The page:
Raising Children by Supporting Families

Fighting poverty may require working with parents on income, job training and parenting skills

New Mexico's children continue to be among the most impoverished in the nation, but fixing the trend will require a multigenerational approach that takes more into account than school test scores and teen birth rates.

The state ranked 49th again this year in the Annie E Casey Foundation's annual Kids Count Data Book, with 31 percent of children living at or below the poverty level, an increase since the previous year. While the state has seen some modest gains in areas of parents securely employed, high school students graduating on time, children and teen death rates, and teen alcohol and drug abuse, the bottom line is, the numbers aren't moving much.

New Mexico has remained in the report's bottom fifth of all states for the last decade and has hovered at 49th or 50th since 2012. Changes in the percentage of children who were without health insurance or were not proficient readers have been within a few points. National data shows the story is similar across the country: Incomes have stagnated for middle- and working-class families, and personal wealth—savings, home equity, stocks and bonds—is accruing to the top 1 percent. Having those assets can decrease parent stress and enable them to invest in their children's education, which correlates to students succeeding in elementary school and going on to attend college. By the time children from low-income families start kindergarten, more than half of them are already behind their peers.

The cycle self-perpetuates, and 42 percent of low-income children land as adults in the same income bracket as their parents. And about 1.7 million more children in America live in low-income working families now than did during the recession, the 2015 Data Book reported.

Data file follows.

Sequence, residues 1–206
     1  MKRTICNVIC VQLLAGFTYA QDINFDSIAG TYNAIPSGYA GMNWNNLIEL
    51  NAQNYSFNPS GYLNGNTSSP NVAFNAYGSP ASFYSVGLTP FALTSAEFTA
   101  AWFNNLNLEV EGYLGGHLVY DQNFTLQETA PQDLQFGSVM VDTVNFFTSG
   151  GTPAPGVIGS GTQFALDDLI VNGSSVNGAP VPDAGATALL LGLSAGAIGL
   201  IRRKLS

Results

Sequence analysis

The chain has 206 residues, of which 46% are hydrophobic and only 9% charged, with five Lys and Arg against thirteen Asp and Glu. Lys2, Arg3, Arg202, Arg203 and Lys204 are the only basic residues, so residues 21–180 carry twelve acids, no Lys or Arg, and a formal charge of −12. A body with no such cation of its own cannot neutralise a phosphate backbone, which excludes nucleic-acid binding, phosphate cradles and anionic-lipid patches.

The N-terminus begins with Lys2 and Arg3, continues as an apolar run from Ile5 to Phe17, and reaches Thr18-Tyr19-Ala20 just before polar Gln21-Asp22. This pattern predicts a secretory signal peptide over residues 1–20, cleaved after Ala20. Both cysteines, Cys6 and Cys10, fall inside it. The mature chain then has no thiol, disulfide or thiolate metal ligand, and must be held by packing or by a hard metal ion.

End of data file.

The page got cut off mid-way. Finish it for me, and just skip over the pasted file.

While early childhood education programs are key, research suggests that alleviating poverty involves both parents and children. The Casey Foundation now promotes a model that also includes job training and home-visit programs to give parents a step up in their employment and provide some coaching on financial planning, healthy habits and parenting practices.

"Children don't exist in a vacuum. They are in families, and they are dependent on those families for nurturing, for shelter, for food, and as their first teachers," says Veronica C García, executive director of local Kids Count affiliate New Mexico Voices for Children.

Economic research shows the best investment for turning the economy around is in early childhood education.

"The earlier we can intervene, the better chance we have of breaking the cycle of poverty and increasing the economic prosperity of our state," García tells SFR.

That can mean teaching parents to use opportunities like singing or talking to their children as a chance to teach them more vocabulary, fueling better reading skills down the line.

But less discussed is the proof that also reaching parents with education and training programs, preferably paired with high-quality child care options that increase their income, as well as even health care and mental health services to keep the entire family in better health, can go a long way toward putting children on the right track.

Programs that provide home visits with nurses or other trained staff to provide infant check-ups and parent coaching can also jump-start childhood development and increase maternal and infant health. The Virginia Comprehensive Health Investment Project, for example, coaches parents on building routines, suggests developing healthy habits and even aids families with self-sufficiency fundamentals like a driver's license and long-term goals like completing a GED or pursuing higher education.

"If parents can be taught some of these things while also providing them support, we're going to mitigate some of that toxic stress, we're going to mitigate adverse childhood experiences that we know from the research affects childhood brain development," García says.

The changes may not require additional spending, just adjusting existing approaches. State agencies can also coordinate efforts—as an example, in South Carolina, SNAP eligibility information is used for automatic enrollment in the state's Children's Health Insurance Program.

In New Mexico, so far, integrated, two-generation approaches are still few and far between.

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